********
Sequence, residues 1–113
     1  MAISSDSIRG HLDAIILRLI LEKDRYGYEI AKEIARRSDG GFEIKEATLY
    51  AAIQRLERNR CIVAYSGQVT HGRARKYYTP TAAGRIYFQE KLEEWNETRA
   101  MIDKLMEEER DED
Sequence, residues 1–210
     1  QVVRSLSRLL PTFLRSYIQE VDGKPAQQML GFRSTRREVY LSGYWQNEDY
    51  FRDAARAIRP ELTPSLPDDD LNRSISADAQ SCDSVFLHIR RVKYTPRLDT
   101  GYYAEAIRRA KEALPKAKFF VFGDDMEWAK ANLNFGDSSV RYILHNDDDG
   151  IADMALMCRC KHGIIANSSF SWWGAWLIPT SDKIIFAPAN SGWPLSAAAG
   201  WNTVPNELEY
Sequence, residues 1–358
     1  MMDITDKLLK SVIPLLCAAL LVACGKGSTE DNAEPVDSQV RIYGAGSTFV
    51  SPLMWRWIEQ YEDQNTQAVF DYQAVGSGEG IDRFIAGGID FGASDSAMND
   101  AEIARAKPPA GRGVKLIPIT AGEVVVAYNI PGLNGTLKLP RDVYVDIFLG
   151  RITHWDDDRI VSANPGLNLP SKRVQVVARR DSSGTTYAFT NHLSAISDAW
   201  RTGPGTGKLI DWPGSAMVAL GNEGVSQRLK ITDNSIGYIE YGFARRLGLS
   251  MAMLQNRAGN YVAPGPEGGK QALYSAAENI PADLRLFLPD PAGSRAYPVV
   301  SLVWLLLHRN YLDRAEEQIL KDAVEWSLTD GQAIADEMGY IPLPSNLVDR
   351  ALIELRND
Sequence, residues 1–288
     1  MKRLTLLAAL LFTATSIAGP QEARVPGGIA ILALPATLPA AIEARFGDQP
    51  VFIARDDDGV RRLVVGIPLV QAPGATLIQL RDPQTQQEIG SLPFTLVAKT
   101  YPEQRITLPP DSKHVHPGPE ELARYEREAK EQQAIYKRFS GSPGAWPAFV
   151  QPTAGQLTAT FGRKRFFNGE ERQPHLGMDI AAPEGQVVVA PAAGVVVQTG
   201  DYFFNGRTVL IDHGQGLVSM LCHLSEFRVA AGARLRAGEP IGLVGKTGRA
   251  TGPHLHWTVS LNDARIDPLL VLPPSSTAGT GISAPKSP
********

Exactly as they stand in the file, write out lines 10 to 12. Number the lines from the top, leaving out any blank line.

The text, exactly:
   201  WNTVPNELEY
Sequence, residues 1–358
     1  MMDITDKLLK SVIPLLCAAL LVACGKGSTE DNAEPVDSQV RIYGAGSTFV